Kuwania quercus (Kuwana)

Wu, San’An, Nan, Nan, Gullan, Penny & Deng, Jun, 2013, The taxonomy of the Japanese oak red scale insect, Kuwania quercus (Kuwana) (Hemiptera: Coccoidea: Kuwaniidae), with a generic diagnosis, a key to species and description of a new species from California, Zootaxa 3630 (2), pp. 291-307 : 295-300

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https://doi.org/ 10.11646/zootaxa.3630.2.5

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Kuwania quercus (Kuwana)


Redescription of Kuwania quercus (Kuwana) View in CoL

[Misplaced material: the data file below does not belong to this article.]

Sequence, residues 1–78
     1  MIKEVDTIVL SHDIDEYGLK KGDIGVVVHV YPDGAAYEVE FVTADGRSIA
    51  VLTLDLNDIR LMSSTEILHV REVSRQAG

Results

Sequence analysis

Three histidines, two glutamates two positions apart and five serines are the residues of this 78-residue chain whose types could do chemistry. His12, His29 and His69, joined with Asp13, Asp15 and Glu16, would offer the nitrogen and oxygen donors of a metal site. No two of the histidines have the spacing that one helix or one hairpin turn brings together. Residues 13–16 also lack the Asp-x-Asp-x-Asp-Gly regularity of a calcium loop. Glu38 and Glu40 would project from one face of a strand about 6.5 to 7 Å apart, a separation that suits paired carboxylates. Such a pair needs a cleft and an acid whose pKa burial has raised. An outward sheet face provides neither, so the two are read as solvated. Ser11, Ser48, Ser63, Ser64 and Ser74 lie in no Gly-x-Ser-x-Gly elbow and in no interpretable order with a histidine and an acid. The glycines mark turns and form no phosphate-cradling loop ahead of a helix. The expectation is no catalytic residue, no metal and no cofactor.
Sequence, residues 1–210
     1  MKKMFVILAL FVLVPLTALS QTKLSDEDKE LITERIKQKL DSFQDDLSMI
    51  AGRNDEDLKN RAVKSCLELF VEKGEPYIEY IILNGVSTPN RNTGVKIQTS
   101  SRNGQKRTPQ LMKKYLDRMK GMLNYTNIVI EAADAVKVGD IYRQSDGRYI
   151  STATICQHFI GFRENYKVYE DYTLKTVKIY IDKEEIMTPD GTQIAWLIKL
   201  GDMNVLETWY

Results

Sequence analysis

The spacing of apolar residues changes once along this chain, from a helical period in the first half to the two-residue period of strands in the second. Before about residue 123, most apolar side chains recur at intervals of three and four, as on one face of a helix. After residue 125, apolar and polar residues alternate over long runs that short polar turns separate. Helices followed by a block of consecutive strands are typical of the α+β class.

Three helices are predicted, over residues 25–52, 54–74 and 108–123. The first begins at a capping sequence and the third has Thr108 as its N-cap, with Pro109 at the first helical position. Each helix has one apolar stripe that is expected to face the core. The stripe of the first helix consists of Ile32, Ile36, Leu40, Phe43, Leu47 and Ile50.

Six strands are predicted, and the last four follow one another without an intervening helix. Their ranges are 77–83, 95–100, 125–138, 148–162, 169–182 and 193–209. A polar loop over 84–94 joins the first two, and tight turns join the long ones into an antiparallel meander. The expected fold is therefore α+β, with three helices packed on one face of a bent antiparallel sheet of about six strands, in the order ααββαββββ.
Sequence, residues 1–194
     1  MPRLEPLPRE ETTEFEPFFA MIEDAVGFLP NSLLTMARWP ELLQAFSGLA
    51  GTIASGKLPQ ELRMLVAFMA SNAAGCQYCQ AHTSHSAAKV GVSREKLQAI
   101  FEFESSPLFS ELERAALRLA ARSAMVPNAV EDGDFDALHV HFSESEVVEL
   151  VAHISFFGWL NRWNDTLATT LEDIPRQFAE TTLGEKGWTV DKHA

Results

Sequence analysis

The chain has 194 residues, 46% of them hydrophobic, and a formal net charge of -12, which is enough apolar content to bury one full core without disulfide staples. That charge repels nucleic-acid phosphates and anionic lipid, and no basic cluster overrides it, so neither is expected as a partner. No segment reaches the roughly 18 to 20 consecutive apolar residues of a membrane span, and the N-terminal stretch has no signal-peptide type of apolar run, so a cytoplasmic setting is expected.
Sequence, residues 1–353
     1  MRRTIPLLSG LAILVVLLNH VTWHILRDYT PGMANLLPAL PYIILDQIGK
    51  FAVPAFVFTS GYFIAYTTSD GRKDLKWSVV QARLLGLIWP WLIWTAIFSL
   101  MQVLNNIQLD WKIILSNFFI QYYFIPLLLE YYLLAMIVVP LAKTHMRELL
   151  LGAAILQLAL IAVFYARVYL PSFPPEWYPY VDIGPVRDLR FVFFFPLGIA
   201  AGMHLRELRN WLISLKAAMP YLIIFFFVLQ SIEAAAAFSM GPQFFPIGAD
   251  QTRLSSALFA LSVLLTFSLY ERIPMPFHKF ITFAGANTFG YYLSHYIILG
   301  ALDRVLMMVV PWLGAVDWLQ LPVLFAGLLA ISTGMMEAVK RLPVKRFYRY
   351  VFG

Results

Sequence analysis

MATERIAL EXAMINED. LECTOTYPE, adult female, here designated (see notes below). Japan, date not given, Coll. Kuwana, ex Quercus sp., on the same slide as an adult female paralectotype, lectotype on right, paralectotype on left, slide labelled " Kuwania / quercus (Kuw) / From Oak. / Japan / Kuwana, col. / Type material / Entomological Laboratory / Stanford University" [collection data handwritten, apparently by G.F. Ferris, but name of laboratory and university is printed] (BME); PARALECTOTYPES, 12 adult females on 6 slides, 4 first-instar nymphs on 2 slides (3 on one slide, one on another slide with one adult female) and 4 intermediate-stage females on 2 slides, same data as lectotype (BME); 3 boxes with dry type material, one labelled “ Kuwania quercus / ( Kuwania [sic]) / TYPE / material / on Oak Quercus serrata / Kiushiu, Japan / Kuwana” [in handwriting of G.F. Ferris], another labelled “ Kuwania quercus / On Quercus sp. / Tokyo, Japan Kuwana, 1900” [handwriting of G.F. Ferris] and the third box labelled “Co-type of Genus [in red ink] / Kuwania quercus . Kuwana / on Oak / Japan / Kuwana.” (BME); and 5 adult females, 8 intermediate-stage females, 1 first-instar nymph and eggs (all very poor) on 2 slides labelled "CO-TYPE / 9340 / Kuwania quercus Kuw. /on Quercus spp. (Katagi) = / Q. acuta / Kiushiu, Japan / Rec’d Dec. 26, 1900 ” (USNM).